It took me years of practice to get to a place where I can WAIT before I respond to things that trip my emotional wires.
When someone talks over me in a meeting, I no longer feel the need to talk louder to retake control. When someone shoots down my idea, I can listen and get curious (not ALWAYS, but most of the time).
I used to jump into action when someone was upset, playing the role of peacekeeper, using my Harmony strength to find consensus and smooth ruffled feathers. This meant that no one, and I mean NO ONE, was allowed to go to bed angry. No one was allowed to stomp off in the middle of a meeting without me trailing behind to fix him or her. No one was allowed to have a hissy fit, throw a pillow across the room, or lock themselves in the bathroom. I was right there asking if you were okay and trying to fix it.
All that is fine when you’re hanging with your significant other or BFF, but sometimes you have to let it go at work.
You may be a natural peacekeeper, like me. You may be a middle child, or a child whose parents went through a divisive divorce, or have Harmony in your top Strengths. I have the latter two.
Although I lean toward natural Harmony, I learned to control it so I could use it to build consensus but not be a slave to other people’s emotions. Wanna learn some awesome tips and tricks?
Look at the UN Peacekeepers, trained to do a job. Put on your blue hat and follow me!
Who plays the peacekeeper?
The peacekeeper is the one who glues the team together. She’s able to find consensus.
To sometimes stir up the pot in order to get you to share good ideas before you all settle on something mediocre because you’re intimidated by the one strong personality in the room.
To take disparate views and put them into a pros/cons list or compare/contrast list or before/after list of some sort.
When people speak up, disagree, dismiss, and disregard ideas, when we talk over one another, interrupt, and interrogate, she is able to make a list of pros and cons.
She may also be the one who cannot stand to go to bed angry. Avoid personal confrontation at all costs. Be so uncomfortable with unease on the team that she has to leave the room. She’s the one who would rather jump in front of a bullet than think someone is unhappy with her.
Let’s get inspired by the shift an army goes through to move from a killing mission (competition where I-win-you-lose) to a peacekeeping one (collaboration where we work together).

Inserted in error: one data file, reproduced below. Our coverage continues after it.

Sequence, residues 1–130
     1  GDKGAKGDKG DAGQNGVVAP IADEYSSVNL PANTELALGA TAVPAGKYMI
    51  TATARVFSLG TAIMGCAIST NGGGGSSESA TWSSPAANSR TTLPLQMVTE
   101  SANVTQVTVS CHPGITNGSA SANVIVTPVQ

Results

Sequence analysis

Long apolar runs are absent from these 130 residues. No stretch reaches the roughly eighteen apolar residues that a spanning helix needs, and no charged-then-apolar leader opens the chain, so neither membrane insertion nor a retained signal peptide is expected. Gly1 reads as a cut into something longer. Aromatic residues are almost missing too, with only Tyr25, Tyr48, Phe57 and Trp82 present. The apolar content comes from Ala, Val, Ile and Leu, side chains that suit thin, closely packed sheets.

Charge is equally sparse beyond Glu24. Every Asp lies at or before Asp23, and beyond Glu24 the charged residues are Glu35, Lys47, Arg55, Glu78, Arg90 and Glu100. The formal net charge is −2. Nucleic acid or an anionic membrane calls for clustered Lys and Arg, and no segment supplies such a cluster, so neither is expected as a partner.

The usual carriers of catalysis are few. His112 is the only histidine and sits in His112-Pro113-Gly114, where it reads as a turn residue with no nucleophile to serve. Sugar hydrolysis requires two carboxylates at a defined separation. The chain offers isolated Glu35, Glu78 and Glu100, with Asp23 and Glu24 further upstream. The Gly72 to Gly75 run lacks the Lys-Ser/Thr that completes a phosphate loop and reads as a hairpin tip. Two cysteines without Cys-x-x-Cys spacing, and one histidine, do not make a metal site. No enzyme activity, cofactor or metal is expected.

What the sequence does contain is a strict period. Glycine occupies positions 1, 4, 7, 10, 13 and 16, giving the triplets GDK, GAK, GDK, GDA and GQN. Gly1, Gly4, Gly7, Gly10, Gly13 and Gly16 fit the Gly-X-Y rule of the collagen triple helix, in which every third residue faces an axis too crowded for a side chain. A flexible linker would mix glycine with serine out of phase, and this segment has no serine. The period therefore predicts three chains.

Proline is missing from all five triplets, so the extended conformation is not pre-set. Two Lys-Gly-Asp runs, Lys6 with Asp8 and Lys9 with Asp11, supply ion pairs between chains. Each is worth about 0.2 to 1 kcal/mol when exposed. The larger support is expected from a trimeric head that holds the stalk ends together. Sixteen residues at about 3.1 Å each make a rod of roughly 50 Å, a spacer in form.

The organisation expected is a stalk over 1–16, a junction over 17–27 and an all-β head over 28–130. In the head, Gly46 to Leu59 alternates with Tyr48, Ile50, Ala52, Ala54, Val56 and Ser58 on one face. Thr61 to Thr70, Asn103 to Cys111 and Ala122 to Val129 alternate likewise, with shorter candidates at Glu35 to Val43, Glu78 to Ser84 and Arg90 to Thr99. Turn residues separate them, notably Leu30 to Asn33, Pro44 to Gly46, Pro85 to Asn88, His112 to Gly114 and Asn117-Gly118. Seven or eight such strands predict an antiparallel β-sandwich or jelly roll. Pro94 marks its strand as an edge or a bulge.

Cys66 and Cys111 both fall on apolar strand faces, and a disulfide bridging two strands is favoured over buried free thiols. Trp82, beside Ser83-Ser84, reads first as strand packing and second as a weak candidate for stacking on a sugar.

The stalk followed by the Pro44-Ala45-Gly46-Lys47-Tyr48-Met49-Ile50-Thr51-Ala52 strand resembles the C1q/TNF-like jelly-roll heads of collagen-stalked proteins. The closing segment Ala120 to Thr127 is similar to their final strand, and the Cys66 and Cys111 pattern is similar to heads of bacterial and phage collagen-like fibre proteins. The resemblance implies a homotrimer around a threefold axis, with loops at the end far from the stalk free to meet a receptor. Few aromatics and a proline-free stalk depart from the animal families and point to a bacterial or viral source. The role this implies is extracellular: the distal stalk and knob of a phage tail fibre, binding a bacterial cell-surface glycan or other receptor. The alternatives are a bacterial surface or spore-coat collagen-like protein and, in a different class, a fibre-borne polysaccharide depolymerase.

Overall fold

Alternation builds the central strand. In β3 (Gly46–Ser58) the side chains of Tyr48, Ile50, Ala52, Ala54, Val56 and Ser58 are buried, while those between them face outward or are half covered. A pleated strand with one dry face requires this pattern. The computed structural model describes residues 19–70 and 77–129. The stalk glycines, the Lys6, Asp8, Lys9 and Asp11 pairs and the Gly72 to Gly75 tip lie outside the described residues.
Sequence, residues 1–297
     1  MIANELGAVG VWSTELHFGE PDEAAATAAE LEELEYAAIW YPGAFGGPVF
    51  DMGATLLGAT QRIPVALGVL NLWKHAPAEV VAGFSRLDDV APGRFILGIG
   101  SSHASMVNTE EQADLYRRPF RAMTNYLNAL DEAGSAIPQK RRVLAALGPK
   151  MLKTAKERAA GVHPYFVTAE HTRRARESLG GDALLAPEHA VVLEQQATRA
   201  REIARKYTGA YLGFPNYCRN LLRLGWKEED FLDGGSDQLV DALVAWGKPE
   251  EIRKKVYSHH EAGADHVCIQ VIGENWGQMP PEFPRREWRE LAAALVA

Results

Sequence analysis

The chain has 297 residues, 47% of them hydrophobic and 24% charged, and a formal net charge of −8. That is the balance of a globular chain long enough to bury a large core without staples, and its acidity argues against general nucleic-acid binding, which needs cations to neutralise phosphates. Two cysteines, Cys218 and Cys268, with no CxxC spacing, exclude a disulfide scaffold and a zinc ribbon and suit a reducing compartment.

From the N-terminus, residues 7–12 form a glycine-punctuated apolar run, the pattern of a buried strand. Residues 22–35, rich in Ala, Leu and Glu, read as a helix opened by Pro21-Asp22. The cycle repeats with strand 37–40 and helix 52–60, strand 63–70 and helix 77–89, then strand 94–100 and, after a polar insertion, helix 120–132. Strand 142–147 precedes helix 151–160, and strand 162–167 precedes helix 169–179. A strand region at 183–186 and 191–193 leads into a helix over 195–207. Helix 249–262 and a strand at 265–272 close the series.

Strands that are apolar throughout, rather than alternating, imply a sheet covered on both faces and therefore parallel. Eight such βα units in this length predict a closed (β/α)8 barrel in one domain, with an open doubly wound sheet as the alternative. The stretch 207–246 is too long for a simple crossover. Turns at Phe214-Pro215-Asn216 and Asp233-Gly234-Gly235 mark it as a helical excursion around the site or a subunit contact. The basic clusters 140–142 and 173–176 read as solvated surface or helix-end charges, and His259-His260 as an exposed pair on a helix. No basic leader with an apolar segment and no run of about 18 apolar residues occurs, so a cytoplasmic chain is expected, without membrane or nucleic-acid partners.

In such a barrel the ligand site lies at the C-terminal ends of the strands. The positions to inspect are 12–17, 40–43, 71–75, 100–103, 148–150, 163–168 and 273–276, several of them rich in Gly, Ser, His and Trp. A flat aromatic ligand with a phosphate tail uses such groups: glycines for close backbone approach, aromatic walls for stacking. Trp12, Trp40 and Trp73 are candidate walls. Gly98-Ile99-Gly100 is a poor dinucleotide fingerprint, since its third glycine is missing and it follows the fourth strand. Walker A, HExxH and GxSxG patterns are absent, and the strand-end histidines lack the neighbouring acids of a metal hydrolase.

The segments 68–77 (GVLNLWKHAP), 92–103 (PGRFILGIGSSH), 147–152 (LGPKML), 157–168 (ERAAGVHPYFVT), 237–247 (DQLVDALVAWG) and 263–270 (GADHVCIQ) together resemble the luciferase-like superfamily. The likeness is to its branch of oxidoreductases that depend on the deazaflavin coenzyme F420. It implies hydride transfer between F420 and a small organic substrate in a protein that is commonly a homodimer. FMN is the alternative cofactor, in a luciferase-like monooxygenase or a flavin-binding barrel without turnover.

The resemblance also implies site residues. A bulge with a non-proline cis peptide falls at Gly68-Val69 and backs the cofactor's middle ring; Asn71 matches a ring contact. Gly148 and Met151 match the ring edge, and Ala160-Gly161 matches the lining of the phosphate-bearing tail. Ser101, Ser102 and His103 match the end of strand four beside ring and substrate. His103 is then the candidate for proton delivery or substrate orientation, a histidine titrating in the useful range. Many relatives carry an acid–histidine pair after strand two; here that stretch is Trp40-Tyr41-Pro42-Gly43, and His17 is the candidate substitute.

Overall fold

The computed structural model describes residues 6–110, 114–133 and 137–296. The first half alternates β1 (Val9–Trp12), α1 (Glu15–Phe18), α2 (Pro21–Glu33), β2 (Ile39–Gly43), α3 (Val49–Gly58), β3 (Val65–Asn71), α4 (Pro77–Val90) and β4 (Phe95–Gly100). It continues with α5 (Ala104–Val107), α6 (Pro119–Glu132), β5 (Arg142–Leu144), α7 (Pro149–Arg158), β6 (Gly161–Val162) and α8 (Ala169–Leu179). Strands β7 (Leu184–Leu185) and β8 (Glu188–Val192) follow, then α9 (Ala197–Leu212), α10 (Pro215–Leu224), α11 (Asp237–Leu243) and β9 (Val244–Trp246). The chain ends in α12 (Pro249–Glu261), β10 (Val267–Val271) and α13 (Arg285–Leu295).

Here are some ways to stay calm under pressure, to bring two sides together or at least keep them from killing one another.
Don’t be a slave to other people’s emotions
Responding rather than reacting to conflict does take quite a bit of self control.
Peacekeepers are great at controlling what they think, but they don’t get that way by just showing up. They train, they practice, they plan.
When a protester throws something at them, they know that this is not about them. They don’t take it personally. But what happens to you when someone throws a tomato?
Sounds like: I don’t like that idea. I don’t think that will work. That will never go over with customers. We could never do that. No no no no no.
Any time you hear no, you can think of it as a tomato thrown at your efforts and take it personally OR you can be a peacekeeper, step back, and look at it objectively.
I imagine the fire safety public service announcements when I’m in these situations, trying to stay calm even though my head is on fire with emotions.
- Stop your emotional reaction by taking a deep breath. I’ll be honest, this may be the hardest thing you ever learn to do and one of the most gratifying. If you can learn to quiet the emergency alarm bells in your head, you will be heard in a totally different way. Instead of being reactionary, you’ll be recognized for keeping a cool head under pressure.
- Drop your defenses. Instead of getting defensive, responding with a list of reasons why you’re right, or talking louder—get curious. Ask a question. Try to really understand what’s going on.
- Roll toward a more intentional response. Choose how to respond: Will you stand firm and respond with a clear statement? Or will you get curious and ask a question?
Here’s how you can go FROM triggered TO control:
- You want one price and your customer wants a lower price.
Will you get clear or curious?
BE CLEAR: I’d be happy to scale back the proposal for you to get that price.
BE CURIOUS: How did you come up with that number?
- Your engineers say there’s no way to meet the deadline you’ve outlined.
BE CLEAR: I’d like you to stick with the original plan.
BE CURIOUS: What has changed since our original scope to make this deadline slip?
- Your boss wants everyone to focus on a new project and dump the old one when it’s halfway done.
BE CLEAR: I’d like to be sure you understand where we are in the project.
BE CURIOUS: Why are we switching gears now?
- Your significant other wants to save for a down payment on a house and you want to travel.
BE CLEAR: I’m not ready to settle down.
BE CURIOUS: What is it about a house that you find so appealing?
Deciding which way to Roll will help your peacekeeping efforts but do it in a way that helps you stay in control.
Too much harmony can ruin creativity
Watch out for the peacekeeper that is uncomfortable when teams fight. She may rush you to consensus too quickly.
She may think, “We waste too much time trying to convince one another of our own views instead of looking for areas of agreement and building consensus on them.”
Instead, allow that tension, that disagreement, to go on a little longer than usual. Imagine you’re on a boat in a big storm. After the storm, you may come out with a great idea that would otherwise be watered down.
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